Bundy v. NuStar GP LLC, et al.Annotate this Case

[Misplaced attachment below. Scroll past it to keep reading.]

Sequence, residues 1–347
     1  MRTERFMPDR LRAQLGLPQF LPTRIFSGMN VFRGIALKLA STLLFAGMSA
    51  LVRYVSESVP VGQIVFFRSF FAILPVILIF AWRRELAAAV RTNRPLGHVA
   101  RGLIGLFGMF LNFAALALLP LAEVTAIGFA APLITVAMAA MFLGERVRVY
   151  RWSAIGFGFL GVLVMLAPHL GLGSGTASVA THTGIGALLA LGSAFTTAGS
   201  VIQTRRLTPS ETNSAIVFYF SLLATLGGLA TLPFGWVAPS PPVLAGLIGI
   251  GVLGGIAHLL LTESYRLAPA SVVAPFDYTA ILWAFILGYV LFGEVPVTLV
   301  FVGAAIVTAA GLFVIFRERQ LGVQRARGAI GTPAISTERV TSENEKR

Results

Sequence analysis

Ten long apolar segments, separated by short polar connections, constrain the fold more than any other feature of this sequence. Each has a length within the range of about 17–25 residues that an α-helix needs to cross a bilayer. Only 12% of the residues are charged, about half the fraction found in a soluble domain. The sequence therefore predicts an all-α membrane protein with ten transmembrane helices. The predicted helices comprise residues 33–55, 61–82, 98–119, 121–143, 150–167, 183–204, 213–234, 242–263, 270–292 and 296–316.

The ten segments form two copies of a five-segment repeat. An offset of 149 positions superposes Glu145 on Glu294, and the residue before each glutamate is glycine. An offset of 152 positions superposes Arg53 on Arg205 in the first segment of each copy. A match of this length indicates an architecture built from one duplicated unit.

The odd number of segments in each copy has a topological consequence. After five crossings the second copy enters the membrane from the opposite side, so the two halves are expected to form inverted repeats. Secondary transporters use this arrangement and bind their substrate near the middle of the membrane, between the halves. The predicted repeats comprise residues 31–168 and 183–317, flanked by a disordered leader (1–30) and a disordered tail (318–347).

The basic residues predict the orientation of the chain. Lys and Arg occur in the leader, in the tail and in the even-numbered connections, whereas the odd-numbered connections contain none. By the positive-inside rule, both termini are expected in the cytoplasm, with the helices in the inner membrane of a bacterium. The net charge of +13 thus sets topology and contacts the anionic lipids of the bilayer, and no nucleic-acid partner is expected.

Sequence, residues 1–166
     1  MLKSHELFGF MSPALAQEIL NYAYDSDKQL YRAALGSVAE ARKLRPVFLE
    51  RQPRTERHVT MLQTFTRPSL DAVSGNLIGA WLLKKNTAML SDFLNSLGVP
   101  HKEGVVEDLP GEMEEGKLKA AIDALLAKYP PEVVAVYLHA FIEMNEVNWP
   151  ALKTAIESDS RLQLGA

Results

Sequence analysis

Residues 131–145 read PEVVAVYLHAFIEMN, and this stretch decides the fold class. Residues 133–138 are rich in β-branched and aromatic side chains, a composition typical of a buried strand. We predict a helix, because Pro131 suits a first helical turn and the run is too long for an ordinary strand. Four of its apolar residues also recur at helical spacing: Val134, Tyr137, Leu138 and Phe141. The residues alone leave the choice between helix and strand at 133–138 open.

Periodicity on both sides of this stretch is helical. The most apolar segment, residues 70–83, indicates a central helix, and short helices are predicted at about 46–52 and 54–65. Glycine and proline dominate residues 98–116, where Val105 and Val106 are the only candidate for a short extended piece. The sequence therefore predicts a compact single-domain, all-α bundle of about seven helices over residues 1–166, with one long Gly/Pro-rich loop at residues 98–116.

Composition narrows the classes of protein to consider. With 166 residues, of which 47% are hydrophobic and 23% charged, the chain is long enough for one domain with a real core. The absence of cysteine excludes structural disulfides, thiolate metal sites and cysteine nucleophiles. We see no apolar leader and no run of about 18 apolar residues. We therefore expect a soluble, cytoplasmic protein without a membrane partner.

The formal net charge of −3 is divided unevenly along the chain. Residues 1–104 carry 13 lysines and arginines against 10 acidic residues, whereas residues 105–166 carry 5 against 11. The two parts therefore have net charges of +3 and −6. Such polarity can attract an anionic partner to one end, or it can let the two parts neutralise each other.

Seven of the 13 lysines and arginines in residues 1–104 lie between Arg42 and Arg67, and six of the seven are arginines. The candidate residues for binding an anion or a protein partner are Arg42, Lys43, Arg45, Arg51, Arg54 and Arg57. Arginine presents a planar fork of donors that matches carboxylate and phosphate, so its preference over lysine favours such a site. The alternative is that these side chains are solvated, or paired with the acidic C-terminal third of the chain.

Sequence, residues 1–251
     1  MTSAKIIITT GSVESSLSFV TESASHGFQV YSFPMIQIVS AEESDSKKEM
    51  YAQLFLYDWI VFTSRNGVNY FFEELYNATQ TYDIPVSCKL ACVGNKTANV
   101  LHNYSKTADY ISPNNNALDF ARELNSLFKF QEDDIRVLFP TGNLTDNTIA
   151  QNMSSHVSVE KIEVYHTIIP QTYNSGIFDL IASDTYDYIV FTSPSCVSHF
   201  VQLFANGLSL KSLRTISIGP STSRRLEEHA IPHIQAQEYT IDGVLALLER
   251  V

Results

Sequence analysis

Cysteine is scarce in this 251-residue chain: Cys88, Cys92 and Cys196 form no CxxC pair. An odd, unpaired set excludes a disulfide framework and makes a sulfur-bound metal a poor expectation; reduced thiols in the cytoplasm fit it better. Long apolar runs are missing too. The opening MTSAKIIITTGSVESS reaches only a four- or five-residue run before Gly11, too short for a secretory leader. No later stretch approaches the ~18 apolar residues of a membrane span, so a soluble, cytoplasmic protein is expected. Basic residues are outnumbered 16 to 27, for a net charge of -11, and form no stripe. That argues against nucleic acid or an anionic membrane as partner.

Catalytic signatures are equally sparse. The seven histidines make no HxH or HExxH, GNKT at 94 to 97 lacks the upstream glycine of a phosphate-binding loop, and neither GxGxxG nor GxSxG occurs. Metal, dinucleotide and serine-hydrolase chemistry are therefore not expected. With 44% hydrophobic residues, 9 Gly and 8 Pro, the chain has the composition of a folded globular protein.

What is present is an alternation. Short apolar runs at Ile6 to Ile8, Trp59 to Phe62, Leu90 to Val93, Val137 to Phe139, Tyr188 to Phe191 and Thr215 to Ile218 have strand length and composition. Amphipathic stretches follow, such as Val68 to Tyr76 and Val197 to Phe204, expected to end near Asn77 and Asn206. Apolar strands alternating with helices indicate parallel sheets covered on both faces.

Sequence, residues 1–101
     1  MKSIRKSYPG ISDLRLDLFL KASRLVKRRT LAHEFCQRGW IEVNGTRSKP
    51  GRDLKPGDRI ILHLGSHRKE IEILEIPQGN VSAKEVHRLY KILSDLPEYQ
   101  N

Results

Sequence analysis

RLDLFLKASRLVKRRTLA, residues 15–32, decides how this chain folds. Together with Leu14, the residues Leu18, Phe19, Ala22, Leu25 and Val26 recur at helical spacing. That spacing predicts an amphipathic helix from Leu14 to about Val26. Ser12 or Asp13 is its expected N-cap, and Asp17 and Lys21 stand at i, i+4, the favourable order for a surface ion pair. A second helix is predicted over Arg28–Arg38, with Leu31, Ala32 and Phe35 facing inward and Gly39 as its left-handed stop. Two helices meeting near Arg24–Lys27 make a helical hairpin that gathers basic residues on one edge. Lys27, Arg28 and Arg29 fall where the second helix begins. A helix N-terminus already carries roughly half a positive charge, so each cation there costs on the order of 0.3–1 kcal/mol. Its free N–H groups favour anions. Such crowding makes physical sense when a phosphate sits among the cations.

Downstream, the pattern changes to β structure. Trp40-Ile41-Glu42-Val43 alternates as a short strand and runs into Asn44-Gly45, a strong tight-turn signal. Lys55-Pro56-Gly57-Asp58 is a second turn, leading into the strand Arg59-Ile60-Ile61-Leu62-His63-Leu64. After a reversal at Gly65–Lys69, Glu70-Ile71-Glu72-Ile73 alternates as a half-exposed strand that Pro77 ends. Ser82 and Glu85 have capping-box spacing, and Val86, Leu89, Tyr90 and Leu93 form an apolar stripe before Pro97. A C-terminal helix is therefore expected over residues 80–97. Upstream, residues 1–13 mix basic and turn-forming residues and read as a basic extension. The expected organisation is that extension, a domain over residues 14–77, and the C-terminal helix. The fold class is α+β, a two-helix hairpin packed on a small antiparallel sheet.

At issue in this case was whether the Oregon legislature intended to create an exception to ORS 656.018, the so-called “exclusive remedy” provision of the Workers’ Compensation Law, for injured workers whose claims have been deemed noncompensable on “major contributing cause” grounds. While employed by defendant Shore Terminals, LLC as a terminal operator, plaintiff Danny Bundy was assigned to stay and monitor the air quality from malfunctioning machinery without being given safety equipment, and he was exposed to dangerous levels of diesel, gasoline and ethanol fumes. After that incident, defendant initially accepted a workers’ compensation claim for "non-disabling exposure to gasoline vapors." Later, plaintiff asked defendant to accept and pay compensation for additional conditions arising out of the same incident, including "somatization disorder" and "undifferentiated somatoform disorder." Defendant specified that it was treating each of plaintiff’s subsequent requests as a "consequential condition claim" and was denying those claims on the basis that plaintiff’s work exposure was not the major contributing cause of the subsequent conditions. Plaintiff challenged those denials through the workers’ compensation system, but he was unable to establish that the work incident was the major contributing cause of his somatoform disorders. The Workers’ Compensation Board ultimately issued a final order determining that the disorders were not compensable conditions because plaintiff failed to establish that his work-related incident was the major contributing cause. Plaintiff acknowledged that the Workers’ Compensation Law generally immunized covered employers against civil liability for injuries arising out of a worker’s employment. Plaintiff argued, however, that his case fell within a statutory exception to that rule and that the trial court and Court of Appeals, both of which ruled in defendant’s favor on that legal question, erred in concluding otherwise. The Oregon Supreme Court concluded that plaintiff’s statutory argument failed, and that the trial court and Court of Appeals therefore did not err.